A few years ago, Chris Olah gave a machine learning seminar for GiveWell staff who were interested (i.e. curious people with no ML background).
In one session, he introduced the manifold hypothesis, and its corollary that platonic concepts might exist on an objective manifold such that the (objective) relationships between concepts can be explored by exploring the manifold space. Example: King - Man + Woman = Queen
(I'm probably butchering the idea here, but that's not important for current purposes.)
Chris was super enthusiastic as he explained this idea. One I understood it a little, my reaction was something like: "huh, that's pretty cool."
I think part of the difference between Chris and my reactions to the manifold hypothesis is explained by his greater mastery of the material (greater mastery leading to greater appreciation of the phenomenon & its subtleties).
But I think another (large) part of the difference is explained by personal affinity to the material. (e.g. if there was another idea similar in character to the manifold hypothesis but totally new to both Chris & myself, I posit that learning about this new idea would be much more exciting for Chris.)
I'm not claiming that this difference is innate & immovable. I think I could grow more interested in manifold-hypothesis-like ideas, and Chris could grow less.
I am claiming that given our personal histories to date, our genetic makeup, and our beliefs about ourselves & the world, manifold-hypothesis-like ideas are much more salient to Chris than than to me.
Okay, sure, but why bring this up?
I'm currently holding that a lot of the useful work to be done on AI alignment is technical work. This is the conjunction of "first-principles work like MIRI is doing is basically math research" and "AI alignment stuff that falls out AI development is basically software engineering."
To the extent that useful work on AI alignment is technical work, my contribution is mediated by how much technical capacity I can contribute.
I think in this context, "technical capacity" basically flows from interest in manifold-hypothesis-like problems.
For whatever reason, I don't think that this kind of interest can be manufactured by exhortations like "holy shit this research area might be a really big deal for humanity."
Humans don't appear to be built in a way that allows for easy conversion of considered views into personal saliency.
This is in tension with another view I hold, something like "I enjoy working on problems that seem important & neglected." I think there's truth in that, but it's not the full story.
Consider "thinking about humanitarian issues and what matters" as an idea of the same kind as "thinking about the manifold hypothesis."
I think I get more juice out of thinking about ethics & comparative humanitarian impact than Chris Olah does, in the same way he gets more juice out of thinking about the manifold hypothesis than I do. I don't know why this is true. (Well, I do: some combination of our genetics, personal histories, and beliefs about the world. But that's not a very satisfying answer.)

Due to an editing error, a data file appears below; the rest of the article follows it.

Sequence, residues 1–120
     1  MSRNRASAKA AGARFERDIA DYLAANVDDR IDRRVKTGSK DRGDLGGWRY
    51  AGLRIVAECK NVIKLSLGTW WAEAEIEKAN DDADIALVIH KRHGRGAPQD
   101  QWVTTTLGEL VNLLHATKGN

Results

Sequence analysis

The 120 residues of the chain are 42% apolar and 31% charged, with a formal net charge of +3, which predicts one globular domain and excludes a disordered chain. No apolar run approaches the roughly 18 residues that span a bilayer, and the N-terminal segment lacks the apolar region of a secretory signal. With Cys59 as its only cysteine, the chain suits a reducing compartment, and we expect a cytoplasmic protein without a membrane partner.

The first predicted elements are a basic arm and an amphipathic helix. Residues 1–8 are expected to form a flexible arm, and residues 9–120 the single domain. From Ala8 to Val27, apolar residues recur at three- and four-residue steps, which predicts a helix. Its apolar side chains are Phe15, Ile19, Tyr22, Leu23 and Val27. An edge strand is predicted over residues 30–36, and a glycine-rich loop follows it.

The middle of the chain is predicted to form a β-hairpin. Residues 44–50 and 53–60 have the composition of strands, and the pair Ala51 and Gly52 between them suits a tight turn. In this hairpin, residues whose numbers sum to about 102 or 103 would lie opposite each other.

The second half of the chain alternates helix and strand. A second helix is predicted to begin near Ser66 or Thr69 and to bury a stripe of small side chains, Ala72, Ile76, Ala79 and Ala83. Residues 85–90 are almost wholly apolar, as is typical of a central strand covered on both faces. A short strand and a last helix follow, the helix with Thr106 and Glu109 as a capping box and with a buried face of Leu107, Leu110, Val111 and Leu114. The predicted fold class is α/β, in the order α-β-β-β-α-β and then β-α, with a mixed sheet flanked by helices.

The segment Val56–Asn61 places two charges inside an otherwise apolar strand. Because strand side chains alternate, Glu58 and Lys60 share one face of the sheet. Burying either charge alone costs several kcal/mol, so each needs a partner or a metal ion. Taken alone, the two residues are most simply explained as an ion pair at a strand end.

It would be a mistake to take "I enjoy thinking about ethics & comparative humanitarian impact" and infer from it that after some period of thinking about what's worth doing (and deciding on a worthwhile path forward), my interest in thinking about what's worth doing will easily convert into interest in the object-level thing I settle on.
I regularly make this mistake when thinking about career moves. Another way of saying this: ideas about what problems seems most important from a God's-eye view do not easily or simply map to ideas about what I should do, specifically.
Maybe this seems obvious, but I've only come to appreciate it in the last few months. (And if I'm feeling grandiose I'm tempted to claim that large swaths of EA are making the same simple-mapping error.)
These days I'm feeling bearish about non-technical work on AI alignment, and technical progress on AI alignment is heavily meditated by personal interest in the subject matter. But personal interest isn't fixed, and to some extent it increases as you learn more about a research area.
So maybe I should tool up on AI, and see how my interest responds?
This sounds pretty good, except for I already tried that and it didn't go super well.
This doesn't rule out another attempt, but my life is set up in a similar way now to how it was then (a lot of unstructured time, no clear social or community accountability for doing the thing), and the Nanodegree's accountability mechanisms proved insufficient to motivate me consistently. (It annoyed me to pay each month for program enrollment, and that probably led to more work than I would have done otherwise, but not enough to get me to complete; being graded by random internet instructors didn't motivate me at all because it felt super arbitrary, "why do I care about what these people think?", "so what if I do a sloppy job on this assignment, who in my life is going to notice?")
That attempt failed to bootstrap intrinsic motivation in the ideas; this failure makes me less excited about another similar-seeming attempt. Especially when I contrast it to my self-directed progress in other directions which have gone better (e.g. writing essays about ethics).
I'm coming to a point where it doesn't feel like there's much of a choice here. To sum up:
- Technical AI work hinges on interest in technical problems
- Currently I don't have much interest in technical problems (and I don't really know why not)
- I'm not the sort of creature who can (explicitly) will himself into being interested in a problem-space
- A previous attempt to cultivate interest in technical problems didn't work well
A big constraint on thinking about what to do next is how interesting I find the problem-spaces I'm considering.